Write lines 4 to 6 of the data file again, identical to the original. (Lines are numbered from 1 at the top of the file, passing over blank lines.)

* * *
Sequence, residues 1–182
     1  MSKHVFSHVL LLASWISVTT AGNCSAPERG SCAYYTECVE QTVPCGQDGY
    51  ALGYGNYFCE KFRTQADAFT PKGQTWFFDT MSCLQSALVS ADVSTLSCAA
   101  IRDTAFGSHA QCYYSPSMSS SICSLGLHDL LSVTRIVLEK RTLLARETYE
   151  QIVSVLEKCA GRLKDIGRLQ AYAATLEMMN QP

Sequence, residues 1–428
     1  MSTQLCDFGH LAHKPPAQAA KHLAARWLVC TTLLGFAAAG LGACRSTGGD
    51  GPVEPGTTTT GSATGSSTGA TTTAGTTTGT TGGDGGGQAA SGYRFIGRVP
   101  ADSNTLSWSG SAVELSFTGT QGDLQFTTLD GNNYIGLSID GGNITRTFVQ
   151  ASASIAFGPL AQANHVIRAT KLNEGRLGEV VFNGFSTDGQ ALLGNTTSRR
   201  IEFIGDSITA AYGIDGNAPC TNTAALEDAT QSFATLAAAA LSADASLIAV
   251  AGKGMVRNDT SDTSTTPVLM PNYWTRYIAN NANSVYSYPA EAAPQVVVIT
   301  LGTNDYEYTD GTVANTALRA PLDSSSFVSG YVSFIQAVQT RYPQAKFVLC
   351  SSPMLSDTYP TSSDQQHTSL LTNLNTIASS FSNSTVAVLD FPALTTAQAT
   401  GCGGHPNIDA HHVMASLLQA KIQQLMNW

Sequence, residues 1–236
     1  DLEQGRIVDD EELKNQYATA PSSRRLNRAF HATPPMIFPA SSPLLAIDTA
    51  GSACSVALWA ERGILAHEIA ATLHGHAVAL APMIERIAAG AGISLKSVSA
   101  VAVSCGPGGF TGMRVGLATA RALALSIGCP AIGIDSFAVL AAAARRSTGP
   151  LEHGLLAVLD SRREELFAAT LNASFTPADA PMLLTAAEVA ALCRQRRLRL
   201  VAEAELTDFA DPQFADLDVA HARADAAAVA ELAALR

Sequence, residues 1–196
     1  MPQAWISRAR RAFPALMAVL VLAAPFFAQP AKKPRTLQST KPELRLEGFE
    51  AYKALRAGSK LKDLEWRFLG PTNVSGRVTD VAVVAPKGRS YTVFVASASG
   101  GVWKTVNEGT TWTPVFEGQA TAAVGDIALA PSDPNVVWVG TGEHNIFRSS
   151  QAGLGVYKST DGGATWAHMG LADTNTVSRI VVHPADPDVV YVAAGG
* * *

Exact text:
   101  IRDTAFGSHA QCYYSPSMSS SICSLGLHDL LSVTRIVLEK RTLLARETYE
   151  QIVSVLEKCA GRLKDIGRLQ AYAATLEMMN QP

Sequence, residues 1–428